Credit Suisse, one of the biggest financial institutions in the world, has borrowed CHF50bn ($53.7bn) from the Swiss National Bank to provide “decisive action to pre-emptively strengthen its liquidity”. It also said it had repurchased billions of dollars of its own debt to manage its liabilities and interest payment expenses.
Following this news, shares in the country’s second-largest lender fell by as much as 30% on Wednesday, causing Asian stocks to also fall sharply. However, the markets recovered after Credit Suisse’s action to reassure investors. Credit Suisse has struggled in recent years following a series of missteps and compliance with the Swiss Bank failure, causing customers to withdraw CHF123bn ($133bn) from the bank last year.
The decision to borrow from the Swiss National Bank was part of the financial institution’s efforts to restore confidence in its operations right after the Swiss Bank failure. The Swiss authorities said in a joint statement with the Swiss financial market regulator, FINMA, that Credit Suisse met the “strict capital and liquidity requirements” imposed on banks of importance to the wider financial system. In addition, Credit Suisse repurchased billions of dollars of its own debt to manage its liabilities and interest payment expenses.
The signals of Swissbank failure
Credit Suisse’s biggest shareholder, the Saudi National Bank, has declined to increase its stake in the bank, following a capital increase last autumn. The chairman of the Saudi National Bank, Ammar Al Khudairy, said that the bank would not increase its stake due to regulatory and statutory reasons, citing that “we’re not inclined to get into a new regulatory regime”.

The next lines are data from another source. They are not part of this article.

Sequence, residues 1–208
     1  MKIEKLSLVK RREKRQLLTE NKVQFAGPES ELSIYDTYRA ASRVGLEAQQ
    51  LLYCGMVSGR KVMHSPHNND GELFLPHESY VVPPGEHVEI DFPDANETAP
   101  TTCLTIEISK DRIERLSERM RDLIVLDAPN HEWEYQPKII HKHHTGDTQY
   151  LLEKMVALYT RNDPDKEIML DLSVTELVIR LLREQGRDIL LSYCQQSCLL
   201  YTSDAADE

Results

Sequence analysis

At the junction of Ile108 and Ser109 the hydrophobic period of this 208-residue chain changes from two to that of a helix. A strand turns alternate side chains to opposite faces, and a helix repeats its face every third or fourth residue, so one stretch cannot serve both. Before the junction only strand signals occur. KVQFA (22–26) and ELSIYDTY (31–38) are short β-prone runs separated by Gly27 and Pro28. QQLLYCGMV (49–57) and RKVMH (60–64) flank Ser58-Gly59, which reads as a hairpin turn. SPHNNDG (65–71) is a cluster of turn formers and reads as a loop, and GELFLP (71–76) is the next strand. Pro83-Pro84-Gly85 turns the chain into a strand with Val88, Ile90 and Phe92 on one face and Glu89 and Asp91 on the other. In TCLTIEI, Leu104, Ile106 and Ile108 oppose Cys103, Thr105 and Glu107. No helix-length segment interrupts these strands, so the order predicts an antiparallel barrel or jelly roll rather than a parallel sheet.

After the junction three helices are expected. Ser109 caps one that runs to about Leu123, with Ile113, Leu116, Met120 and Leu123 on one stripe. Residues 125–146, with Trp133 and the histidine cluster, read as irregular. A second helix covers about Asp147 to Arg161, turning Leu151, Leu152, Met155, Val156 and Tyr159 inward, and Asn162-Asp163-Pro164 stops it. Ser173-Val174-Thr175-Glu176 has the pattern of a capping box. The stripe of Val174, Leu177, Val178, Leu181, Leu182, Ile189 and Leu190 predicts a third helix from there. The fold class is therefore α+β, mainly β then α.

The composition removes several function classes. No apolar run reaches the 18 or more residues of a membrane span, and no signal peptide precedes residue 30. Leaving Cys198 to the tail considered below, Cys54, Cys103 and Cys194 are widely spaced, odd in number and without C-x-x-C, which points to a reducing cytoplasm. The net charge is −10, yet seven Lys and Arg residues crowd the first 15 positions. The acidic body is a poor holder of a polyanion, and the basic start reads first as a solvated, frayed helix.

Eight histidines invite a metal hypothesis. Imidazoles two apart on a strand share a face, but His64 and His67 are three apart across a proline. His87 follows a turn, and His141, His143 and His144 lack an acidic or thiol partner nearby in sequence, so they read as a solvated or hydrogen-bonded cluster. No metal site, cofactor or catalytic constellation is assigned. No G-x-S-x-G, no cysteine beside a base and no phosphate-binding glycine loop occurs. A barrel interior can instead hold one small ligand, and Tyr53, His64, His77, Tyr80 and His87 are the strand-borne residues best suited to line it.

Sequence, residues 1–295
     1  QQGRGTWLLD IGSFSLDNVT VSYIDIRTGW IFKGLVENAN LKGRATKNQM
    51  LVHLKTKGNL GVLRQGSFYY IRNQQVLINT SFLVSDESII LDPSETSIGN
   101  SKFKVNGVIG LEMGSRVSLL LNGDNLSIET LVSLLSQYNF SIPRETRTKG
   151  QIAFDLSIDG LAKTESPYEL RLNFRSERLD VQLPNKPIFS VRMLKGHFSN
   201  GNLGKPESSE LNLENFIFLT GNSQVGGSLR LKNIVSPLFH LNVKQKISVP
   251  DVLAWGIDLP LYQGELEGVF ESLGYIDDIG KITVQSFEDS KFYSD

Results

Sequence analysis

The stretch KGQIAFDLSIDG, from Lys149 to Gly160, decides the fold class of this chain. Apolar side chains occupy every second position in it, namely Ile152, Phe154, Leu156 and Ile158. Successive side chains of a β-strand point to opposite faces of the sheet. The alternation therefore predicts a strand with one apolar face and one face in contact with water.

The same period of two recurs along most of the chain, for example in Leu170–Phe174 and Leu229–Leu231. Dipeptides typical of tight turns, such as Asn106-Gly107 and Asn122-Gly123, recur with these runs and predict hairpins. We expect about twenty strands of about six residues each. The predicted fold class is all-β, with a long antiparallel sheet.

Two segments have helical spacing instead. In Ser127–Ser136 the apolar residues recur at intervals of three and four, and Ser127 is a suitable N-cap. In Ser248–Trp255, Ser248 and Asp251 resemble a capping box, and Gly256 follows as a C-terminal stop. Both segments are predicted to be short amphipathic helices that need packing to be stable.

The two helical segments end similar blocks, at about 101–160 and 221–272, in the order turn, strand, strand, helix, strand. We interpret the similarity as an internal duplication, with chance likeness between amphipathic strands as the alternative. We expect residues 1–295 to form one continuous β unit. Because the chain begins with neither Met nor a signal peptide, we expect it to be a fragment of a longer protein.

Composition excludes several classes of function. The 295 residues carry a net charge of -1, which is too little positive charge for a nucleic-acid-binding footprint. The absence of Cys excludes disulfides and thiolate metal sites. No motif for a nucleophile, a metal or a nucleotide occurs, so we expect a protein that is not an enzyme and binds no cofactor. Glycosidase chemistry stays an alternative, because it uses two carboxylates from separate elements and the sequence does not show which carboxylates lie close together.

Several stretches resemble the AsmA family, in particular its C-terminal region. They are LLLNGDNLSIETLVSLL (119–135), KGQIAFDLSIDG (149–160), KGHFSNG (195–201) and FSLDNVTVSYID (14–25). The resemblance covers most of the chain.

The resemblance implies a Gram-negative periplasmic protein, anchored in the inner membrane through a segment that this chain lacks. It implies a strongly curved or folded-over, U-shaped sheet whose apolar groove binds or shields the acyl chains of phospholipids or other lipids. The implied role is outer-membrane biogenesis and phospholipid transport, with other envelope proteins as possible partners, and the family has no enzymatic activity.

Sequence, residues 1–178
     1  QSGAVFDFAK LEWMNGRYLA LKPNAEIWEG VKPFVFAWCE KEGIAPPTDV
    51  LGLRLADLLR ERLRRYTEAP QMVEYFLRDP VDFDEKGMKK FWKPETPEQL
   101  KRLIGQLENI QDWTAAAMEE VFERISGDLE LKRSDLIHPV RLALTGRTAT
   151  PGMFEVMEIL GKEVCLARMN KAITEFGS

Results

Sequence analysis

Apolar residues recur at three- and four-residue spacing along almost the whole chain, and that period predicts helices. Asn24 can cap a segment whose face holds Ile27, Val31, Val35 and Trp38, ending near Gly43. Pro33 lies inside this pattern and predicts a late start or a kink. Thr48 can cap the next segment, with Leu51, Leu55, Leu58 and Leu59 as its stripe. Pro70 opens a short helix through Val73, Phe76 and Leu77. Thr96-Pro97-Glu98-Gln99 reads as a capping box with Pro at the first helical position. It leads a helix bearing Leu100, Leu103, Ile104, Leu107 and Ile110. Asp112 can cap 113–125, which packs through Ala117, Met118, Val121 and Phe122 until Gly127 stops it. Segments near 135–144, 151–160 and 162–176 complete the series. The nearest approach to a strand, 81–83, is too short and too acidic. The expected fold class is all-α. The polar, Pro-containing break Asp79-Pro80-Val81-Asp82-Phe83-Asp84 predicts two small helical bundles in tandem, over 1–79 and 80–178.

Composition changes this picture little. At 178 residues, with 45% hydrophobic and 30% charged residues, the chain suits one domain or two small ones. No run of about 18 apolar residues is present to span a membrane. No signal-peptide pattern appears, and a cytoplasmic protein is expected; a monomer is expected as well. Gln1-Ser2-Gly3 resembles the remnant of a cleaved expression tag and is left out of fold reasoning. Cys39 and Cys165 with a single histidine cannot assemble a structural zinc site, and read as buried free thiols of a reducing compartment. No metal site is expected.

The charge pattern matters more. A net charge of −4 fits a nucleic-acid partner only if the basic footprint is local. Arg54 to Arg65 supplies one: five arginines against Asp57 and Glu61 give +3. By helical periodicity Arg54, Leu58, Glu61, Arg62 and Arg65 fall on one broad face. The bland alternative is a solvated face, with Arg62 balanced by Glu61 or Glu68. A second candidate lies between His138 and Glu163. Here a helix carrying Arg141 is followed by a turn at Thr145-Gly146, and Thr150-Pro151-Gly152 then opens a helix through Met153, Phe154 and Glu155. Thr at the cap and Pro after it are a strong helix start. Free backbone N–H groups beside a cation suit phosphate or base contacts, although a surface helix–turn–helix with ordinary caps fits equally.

This may lead to concerns that the financial institution may no longer have enough capital to absorb losses in 2023, especially since its funding costs are becoming prohibitive. To stem client outflows and ease the concern of providers of wholesale funding, some believe that the financial institution needs another rights issue. Alternatively, it may need to break up with the healthy businesses being sold off or separately listed.
The Swissbank failure is a global concern
The problems faced by Credit Suisse are well-known, but its size and multiple subsidiaries outside Switzerland, including in the US, could cause a much bigger potential headache. Thus, financial institution’s problems are not just a Swiss issue but a global one.
Following the news, the cost of buying insurance against the risk of a Credit Suisse default hit a new record high, and this resulted in a fall of other European banking shares, such as BNP Paribas, Societe Generale, Commerzbank, and Deutsche Bank. Two supervisory sources told Reuters that the ECB had contacted banks to question them about their exposures to Credit Suisse.
Is this 2008 all over again?
Concerns regarding Credit Suisse have arisen following the recent collapses of other financial institutions such as Silvergate, SVB, and Signature. While Credit Suisse’s problems are not new and have caused unease among investors and led to the departure of clients, the situation is unique to the bank. Wealthy clients and businesses have been withdrawing funds for months, resulting in significant outflows last year.
It is unclear whether the declining share price has led to a further increase in client withdrawals. Some investors are also concerned about unrealized losses in the investment portfolios of European banks. To reassure investors, Credit Suisse’s chair stated that the bank does not require government assistance and has a strong balance sheet, and the bank has reportedly appealed for public support from Finma and the Swiss National Bank to bolster investor confidence.